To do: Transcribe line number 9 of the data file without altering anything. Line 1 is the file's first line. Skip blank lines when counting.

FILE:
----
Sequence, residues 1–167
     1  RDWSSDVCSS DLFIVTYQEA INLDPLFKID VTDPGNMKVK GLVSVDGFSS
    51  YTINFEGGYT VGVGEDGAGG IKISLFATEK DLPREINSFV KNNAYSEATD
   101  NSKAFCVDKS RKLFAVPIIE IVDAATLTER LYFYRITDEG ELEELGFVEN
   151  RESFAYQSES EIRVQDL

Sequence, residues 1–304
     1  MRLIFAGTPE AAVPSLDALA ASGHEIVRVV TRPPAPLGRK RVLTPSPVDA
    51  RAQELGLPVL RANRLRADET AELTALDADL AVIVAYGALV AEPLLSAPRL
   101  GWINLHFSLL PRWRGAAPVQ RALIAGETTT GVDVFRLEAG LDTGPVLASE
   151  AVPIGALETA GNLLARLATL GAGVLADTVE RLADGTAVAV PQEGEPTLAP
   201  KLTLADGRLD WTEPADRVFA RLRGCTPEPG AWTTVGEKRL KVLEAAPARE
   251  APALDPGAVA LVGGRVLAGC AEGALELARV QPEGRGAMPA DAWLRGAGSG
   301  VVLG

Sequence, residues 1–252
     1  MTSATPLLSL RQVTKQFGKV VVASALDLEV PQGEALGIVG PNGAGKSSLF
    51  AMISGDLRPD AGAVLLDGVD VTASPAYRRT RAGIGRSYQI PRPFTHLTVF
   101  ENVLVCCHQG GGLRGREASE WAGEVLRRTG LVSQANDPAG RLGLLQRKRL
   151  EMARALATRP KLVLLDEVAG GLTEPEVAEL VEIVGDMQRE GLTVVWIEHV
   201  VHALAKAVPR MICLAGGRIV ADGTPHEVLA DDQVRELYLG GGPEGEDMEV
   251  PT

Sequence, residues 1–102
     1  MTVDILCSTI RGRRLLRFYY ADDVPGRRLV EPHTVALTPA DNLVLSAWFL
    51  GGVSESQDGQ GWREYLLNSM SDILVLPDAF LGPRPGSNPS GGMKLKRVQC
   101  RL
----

   101  GWINLHFSLL PRWRGAAPVQ RALIAGETTT GVDVFRLEAG LDTGPVLASE